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When does a dimmable bulb not dim?,
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This review is from: Philips Master LED GU10 Spot 5.5W (50W replacement) Dimmable, Cool White (Kitchen & Home)
I wanted to move to LEDs for a number of reasons and the bulbs perform adequately. What is irritating is that they claim to 'dim' and there is very little control over the spot lights in dimming mode. I would have purchased these spot lights had they not been dimmable but if the manufacturer claims that they are, then make sure that they do work in a conjunction with a dimmable light switch. Hugh
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Initial post: 9 May 2014 16:46:14 BDT
bernard neeson says:
I wonder is this a dimmer problem rather than a LED problem?
I've been experimenting with dimmers and lights over the last few days.
My old dimmers were 50w minimum load, so in two clusters of 6, downstairs, I kept 1 x 35w halogen and installed 5x 4w Philips LED. Great.
In upstairs rooms I wanted to get away from halogen and MR16 transformers,for ceiling insulation purposes, so I switched all to LED, which meant new dimmers were needed.
I used 2 Aurora dimmer modules and 1 V-pro dimmer unit.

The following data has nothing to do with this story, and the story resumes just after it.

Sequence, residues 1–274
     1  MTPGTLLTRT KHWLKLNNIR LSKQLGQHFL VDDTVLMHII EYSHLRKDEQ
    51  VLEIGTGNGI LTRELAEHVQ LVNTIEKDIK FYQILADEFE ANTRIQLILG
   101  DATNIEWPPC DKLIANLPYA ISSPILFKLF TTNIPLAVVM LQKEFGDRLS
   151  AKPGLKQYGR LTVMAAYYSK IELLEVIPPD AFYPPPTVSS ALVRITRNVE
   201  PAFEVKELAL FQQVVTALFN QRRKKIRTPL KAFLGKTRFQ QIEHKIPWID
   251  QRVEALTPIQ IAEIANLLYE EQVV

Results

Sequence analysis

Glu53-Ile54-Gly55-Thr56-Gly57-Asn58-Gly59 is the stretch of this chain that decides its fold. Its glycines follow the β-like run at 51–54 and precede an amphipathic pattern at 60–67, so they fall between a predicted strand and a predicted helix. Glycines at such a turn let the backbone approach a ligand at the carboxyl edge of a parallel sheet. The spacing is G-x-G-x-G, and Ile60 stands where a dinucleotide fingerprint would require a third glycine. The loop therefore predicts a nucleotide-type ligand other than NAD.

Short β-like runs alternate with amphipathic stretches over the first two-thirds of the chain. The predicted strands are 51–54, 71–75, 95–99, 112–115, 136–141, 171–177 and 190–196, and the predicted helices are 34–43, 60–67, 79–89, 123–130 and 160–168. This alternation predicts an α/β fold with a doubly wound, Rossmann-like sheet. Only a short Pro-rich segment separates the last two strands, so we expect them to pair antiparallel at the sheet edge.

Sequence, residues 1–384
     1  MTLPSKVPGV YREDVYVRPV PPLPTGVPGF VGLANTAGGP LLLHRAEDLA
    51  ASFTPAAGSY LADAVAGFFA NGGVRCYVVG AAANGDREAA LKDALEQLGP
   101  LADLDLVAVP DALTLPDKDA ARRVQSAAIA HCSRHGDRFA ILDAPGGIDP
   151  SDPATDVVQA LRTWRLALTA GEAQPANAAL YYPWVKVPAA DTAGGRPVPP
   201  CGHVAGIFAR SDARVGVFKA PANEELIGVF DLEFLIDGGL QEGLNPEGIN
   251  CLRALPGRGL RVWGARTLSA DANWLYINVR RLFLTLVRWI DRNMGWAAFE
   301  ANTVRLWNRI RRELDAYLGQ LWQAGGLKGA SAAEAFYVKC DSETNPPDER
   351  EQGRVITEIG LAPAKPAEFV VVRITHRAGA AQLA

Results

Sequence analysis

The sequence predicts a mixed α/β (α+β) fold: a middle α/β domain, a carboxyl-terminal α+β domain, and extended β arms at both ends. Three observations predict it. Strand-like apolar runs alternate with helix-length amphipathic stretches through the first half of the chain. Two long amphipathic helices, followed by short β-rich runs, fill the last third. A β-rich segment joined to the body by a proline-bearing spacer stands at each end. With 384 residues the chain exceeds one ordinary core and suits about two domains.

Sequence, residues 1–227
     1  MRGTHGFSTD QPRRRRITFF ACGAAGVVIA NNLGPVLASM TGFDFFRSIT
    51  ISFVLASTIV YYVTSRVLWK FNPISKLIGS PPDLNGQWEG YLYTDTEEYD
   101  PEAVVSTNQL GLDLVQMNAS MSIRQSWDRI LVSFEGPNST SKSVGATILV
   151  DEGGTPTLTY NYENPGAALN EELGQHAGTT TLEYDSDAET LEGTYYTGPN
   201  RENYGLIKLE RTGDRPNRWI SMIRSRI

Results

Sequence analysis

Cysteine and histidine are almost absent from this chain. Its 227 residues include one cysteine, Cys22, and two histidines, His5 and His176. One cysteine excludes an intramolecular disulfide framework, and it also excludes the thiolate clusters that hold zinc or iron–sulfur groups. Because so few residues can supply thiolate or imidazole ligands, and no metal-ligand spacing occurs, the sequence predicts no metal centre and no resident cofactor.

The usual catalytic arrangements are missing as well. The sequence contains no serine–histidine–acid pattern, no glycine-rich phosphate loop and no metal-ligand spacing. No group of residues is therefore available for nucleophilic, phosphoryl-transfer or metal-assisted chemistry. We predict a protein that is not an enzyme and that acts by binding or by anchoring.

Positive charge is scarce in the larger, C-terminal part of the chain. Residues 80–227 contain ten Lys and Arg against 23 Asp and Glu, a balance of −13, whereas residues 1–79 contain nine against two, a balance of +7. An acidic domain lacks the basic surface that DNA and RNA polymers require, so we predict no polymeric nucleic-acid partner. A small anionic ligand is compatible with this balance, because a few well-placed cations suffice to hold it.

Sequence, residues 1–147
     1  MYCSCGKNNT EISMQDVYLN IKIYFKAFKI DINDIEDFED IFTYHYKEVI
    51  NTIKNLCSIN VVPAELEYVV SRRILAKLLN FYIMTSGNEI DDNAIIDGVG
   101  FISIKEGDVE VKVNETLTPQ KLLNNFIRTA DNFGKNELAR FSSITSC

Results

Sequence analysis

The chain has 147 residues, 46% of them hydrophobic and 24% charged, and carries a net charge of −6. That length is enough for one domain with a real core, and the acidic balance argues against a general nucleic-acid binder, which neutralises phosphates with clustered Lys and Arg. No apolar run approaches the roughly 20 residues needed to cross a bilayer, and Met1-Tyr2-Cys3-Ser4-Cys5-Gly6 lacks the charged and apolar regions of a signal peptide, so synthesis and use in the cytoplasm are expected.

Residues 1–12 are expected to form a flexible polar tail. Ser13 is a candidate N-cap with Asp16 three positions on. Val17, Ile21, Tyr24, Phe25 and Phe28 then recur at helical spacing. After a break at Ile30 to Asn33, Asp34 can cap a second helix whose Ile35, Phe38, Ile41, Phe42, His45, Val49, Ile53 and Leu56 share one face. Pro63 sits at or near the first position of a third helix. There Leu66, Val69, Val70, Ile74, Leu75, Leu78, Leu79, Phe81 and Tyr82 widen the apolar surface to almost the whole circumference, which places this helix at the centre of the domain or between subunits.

.The Aurora can be adjusted with a set screw to adjust the minimum dimming level.The V-Pro can be programmed (various on-off switch combinations) to adjust the dimmed brightless level.
The Aurora requires a minimum load of c. 14w. It works well with 6 x Philips 4w LEDs.
The V-pro needs a minimum load of 10w. In one room with two IKEA 7w LEDs it worked well, except for a switch-on time of close to 1 second. I tried Philips bulbs and they were near instant start up, but the only ones I had were 4w, so I was below minimum load, and they didn't dim properly.
So I changed this to an Aurora dimmer module and switch-on time reduced to less than a half second which was fine.
Wasn't life easy when we just slung a 100w bulb from the ceiling?
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